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How is Georgia doing as the drought eases in most of the south-east?

Rain has returned to the southeastern region, pulling many areas of drought. For the first time since mid-September, the extreme drought has ended, although moderate to severe drought remains in several states, including parts of Georgia.

"Although there remains a significant drought in northern Georgia, rains are steadily progressing," said Ryan Willis, a weather forecaster at Peachtree City's National Weather Service.

The flash drought hit the region this year. In October, some areas received above-average rainfall amounts of up to 6 inches, but Georgia did not receive its share.

Notable areas with scattered rainfall are parts of northern Georgia, from Atlanta to Athens and just north of Augusta to Columbia, South Carolina. "Unfortunately, this region has been very affected by this rapid drought and rainfall has been very close to normal and sometimes even slightly below normal," said Chip Conrad, director of Southeast Regional Climate. Center.

While most of North Georgia is monitored / warned by the National Meteorological Service until Saturday morning, nightly minimums are expected to fall in the 20s to 30s, announcing that winter conditions are imminent.

Conrad said this is the time of year when droughts are improving, but if these areas are not recharged before winter, conditions could become favorable in the spring.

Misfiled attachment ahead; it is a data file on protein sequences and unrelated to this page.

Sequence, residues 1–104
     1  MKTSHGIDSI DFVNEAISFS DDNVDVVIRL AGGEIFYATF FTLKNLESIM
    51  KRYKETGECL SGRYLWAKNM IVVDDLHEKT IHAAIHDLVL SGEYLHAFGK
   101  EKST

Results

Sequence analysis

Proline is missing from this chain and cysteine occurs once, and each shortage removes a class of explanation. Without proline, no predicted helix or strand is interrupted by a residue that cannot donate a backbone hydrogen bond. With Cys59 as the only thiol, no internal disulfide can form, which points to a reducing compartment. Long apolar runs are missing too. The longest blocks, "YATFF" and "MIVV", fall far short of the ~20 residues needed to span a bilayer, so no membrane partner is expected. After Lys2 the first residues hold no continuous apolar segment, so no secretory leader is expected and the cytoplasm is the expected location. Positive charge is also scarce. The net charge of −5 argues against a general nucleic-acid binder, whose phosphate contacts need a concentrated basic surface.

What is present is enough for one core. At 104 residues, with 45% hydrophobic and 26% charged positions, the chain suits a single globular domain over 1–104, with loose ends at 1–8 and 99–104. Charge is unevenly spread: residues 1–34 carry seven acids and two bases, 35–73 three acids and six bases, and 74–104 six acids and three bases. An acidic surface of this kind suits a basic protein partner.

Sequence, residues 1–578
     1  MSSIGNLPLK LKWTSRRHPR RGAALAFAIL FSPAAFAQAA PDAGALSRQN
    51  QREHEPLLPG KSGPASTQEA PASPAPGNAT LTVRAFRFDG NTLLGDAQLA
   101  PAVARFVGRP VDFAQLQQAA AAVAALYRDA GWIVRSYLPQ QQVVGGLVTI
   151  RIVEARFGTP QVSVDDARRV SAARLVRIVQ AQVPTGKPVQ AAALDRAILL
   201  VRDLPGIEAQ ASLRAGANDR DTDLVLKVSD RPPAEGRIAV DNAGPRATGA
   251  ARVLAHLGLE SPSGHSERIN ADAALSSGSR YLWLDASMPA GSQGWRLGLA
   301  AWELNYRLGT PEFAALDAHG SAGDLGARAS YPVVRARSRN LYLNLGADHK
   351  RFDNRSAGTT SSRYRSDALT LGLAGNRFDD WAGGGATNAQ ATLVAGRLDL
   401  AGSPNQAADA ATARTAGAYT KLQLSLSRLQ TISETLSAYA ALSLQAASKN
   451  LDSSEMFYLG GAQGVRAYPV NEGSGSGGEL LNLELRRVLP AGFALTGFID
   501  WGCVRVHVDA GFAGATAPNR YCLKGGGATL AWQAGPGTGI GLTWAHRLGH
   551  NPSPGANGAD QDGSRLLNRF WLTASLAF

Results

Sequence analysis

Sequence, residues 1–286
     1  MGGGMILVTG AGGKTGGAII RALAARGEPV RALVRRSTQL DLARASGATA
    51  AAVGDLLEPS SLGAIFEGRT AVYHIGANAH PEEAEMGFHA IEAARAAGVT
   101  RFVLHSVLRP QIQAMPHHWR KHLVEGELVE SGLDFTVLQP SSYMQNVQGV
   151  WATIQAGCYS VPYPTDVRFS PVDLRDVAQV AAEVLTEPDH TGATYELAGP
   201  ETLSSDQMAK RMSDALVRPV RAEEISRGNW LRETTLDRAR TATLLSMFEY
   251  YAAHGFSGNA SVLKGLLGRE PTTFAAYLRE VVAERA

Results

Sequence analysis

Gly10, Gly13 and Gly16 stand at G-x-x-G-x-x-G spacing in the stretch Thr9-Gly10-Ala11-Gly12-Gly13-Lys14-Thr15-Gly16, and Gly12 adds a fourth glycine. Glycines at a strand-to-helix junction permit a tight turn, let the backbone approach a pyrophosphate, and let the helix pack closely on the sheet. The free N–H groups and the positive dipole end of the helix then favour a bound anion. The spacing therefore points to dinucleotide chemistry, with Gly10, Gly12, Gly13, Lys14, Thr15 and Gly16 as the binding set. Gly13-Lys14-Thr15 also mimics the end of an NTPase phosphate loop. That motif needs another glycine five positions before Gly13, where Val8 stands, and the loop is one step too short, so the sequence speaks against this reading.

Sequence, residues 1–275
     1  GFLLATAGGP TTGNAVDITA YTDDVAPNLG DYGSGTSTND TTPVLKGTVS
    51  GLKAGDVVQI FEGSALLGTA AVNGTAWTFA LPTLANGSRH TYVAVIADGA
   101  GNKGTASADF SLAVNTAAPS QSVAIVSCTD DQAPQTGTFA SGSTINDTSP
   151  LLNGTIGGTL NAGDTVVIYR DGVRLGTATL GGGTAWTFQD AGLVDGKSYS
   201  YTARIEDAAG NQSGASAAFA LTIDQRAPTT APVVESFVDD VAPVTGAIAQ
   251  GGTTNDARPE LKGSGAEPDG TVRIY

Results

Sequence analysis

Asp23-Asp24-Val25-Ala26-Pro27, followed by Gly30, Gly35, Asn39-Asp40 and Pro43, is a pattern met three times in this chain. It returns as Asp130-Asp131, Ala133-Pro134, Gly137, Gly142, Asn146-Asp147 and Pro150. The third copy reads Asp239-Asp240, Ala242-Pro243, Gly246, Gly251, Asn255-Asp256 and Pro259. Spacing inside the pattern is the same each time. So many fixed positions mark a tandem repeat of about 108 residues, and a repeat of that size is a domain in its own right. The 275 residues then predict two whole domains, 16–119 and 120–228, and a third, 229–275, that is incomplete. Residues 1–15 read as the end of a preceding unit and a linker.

The drought also had an impact on the water levels of lakes and watercourses. Georgia has recorded record highs and amounts of water in the past month, but has since recovered, said Todd Hamill, a hydrologist with the Weather Forecast Center of the Southeast National Weather Service. However, in North Georgia, Lake Lanier is almost 3 feet below normal for this time of year, he said.

Georgian farmers have had to deal with drought-related crop losses, but it is unclear how much they have lost, said Pam Knox, agricultural climatologist at the University of Georgia.

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"The rain last month relieved some farmers but not all," she said. Some peanut producers struggled to extract peanuts from the soil, while in other areas heavy rains forced groundnuts to leave the vineyards and sow them in the soil, which caused reduces yields, said Knox.

And the problems are not over yet.

"It's a little misleading to get 5 inches (rain) a day, because a lot of it does not really get into the ground. It works right now and so it might be good for tanks, but it does not do much for soil moisture, "Knox said.

Overall, the rain improved conditions for autumn planting and allowed crops to advance on normal, but Knox warns that farmers in southwest Georgia, another region lacking rain , could still face big problems.